Keywords: Fiscal policy, government efficiency, growth
    JEL: H1 E6
    Date: 2007–09
  43. By: Roger Guesnerie; Pedro Jara-Moroni
    Abstract: We consider an economic model that features: 1. a continuum of agents 2. an aggregate state of the world over which agents have an infinitesimal influence. We first propose a review, based on work by Jara (2007), of the connections between the eductive viewpoint that puts emphasis on "Strongly Rational Expectations equilibrium" and the standard game-theoretical rationalizability concepts. We explore the scope and limits of this connection depending on whether standard rationalizability versus point-rationalizability, or the local versus the global viewpoint, are concerned. In particular, we define and characterize the set of "Point-Rationalizable States" and prove its convexity. Also, we clarify the role of the heterogeneity of beliefs in general contexts of expectational coordination (see Evans and Guesnerie, 2005). Then, as in the case of strategic complementarities the study of some best response mapping is a key to the analysis, in the case of "unambiguous" strategic substitutabilities the study of some second iterate, and of the corresponding two-period cycles, allows to describe the point-rationalizable states. We provide application in microeconomic and macroeconomic contexts.
    Date: 2007
  44. By: Alberto Chong (Inter-American Development Bank); Mark Gradstein (Ben Gurion University)
    Abstract: This paper studies the joint effect of economic and political inequalities on redistributive taxation and institutional quality. The theoretical model suggests that income inequality, coupled with political bias in favor of the rich, decreases redistribution and lowers institutional quality. The effect of the former is to increase productive investment, and the effect of the latter is to decrease it—with resulting ambiguous implications for economic growth. Testing these predictions empirically in a panel of countries, the paper finds that inequality has a negative effect on both institutional quality and redistribution, especially in non-democratic countries.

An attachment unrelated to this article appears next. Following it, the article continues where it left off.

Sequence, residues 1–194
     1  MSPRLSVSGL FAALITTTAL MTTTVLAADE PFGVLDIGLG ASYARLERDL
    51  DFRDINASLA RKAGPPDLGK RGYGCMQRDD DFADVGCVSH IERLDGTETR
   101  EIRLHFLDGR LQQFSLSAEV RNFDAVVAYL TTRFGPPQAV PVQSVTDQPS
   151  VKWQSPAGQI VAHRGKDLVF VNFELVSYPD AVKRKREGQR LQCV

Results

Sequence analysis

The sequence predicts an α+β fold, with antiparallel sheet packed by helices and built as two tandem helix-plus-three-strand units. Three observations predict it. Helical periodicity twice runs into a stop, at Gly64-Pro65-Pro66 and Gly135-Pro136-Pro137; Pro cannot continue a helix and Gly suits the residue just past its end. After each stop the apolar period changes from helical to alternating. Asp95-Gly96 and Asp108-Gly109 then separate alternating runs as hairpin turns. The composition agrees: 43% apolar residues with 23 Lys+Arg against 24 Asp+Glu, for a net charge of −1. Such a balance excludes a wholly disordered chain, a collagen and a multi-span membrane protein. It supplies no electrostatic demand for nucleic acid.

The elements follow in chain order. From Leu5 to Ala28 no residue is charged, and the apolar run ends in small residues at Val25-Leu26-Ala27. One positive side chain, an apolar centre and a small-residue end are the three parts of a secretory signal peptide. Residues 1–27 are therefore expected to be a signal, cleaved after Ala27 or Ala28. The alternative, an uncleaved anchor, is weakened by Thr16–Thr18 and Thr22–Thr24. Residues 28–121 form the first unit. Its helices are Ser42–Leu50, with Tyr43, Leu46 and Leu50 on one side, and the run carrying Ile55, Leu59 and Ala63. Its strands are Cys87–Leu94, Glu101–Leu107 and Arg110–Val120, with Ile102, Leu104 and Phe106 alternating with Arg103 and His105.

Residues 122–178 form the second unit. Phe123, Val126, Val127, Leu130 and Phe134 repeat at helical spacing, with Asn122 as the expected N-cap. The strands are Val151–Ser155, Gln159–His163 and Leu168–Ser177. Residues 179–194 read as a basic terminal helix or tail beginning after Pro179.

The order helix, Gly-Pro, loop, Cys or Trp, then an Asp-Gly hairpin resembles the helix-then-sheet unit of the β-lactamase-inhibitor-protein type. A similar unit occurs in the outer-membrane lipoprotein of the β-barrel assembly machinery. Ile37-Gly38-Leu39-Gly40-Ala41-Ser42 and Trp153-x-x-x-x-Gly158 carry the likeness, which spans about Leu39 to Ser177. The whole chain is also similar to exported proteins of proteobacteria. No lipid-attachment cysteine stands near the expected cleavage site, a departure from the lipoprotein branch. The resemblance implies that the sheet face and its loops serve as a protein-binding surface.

Keywords: Inequality, institutions, redistribution
    JEL: D31 D90 E62 H11 O11
    Date: 2007–10
  45. By: John A. Maluccio
    Date: 2007
  46. By: Charles W. Calomiris
    Abstract: Bank failures during banking crises, in theory, can result either from unwarranted depositor withdrawals during events characterized by contagion or panic, or as the result of fundamental bank insolvency. Various views of contagion are described and compared to historical evidence from banking crises, with special emphasis on the U.S. experience during and prior to the Great Depression. Panics or "contagion" played a small role in bank failure, during or before the Great Depression-era distress. Ironically, the government safety net, which was designed to forestall the (overestimated) risks of contagion, seems to have become the primary source of systemic instability in banking in the current era.
    JEL: E5 G2 N2
    Date: 2007–11
  47. By: Anne Marie Gleeson (Trinity College Dublin); Frances Ruane (Economic and Social Research Institute (ESRI))
    Abstract: Recent economic literature suggests the importance of sunk costs and hysteresis in explaining export patterns in international trade. To explore their empirical importance, we present a new conceptual framework that distinguishes six different types of exporter behaviour, and apply this framework to a unique longitudinal data set on Irish manufacturing. Our analysis allows us to identify significant numbers of manufacturers who engage in ‘exporter re-switching behaviour’. The magnitude of these numbers leads us to question the widespread importance of sunk costs. In response to export-market shocks, we find strong evidence of both heterogeneous exporter responses and hysteresis.
    Keywords: heterogeneous exporters, sunk costs, re-switching behaviour
    JEL: E32 F14
    Date: 2007–07
  48. By: Sumru G. Altuğ (Department of Economics, Koç University; Center for Economic Policy Research, London.); Fanny S. Demers; Michel Demers
    Abstract: The objective of this paper is twofold. First, we develop a theoretical model to investigate the impact of political risk on irreversible investment. Second, we apply our model to an analysis of the effects of risk of separation of the province of Quebec from the Canadian federation. We model the probability of a regime switch using the properties of the electoral process and examine the response of investment to changes in the risk of separation. We consider the impact of investors’ perception of the risk of separation and financial market volatility separately. We show that political risk has a depressing impact on investment even if the "bad" regime has never been observed in the sample.
    Keywords: Irreversible investment, political risk, regime shifts, Quebec investment, Canada
    JEL: E22 D92 O16 O11
    Date: 2007–05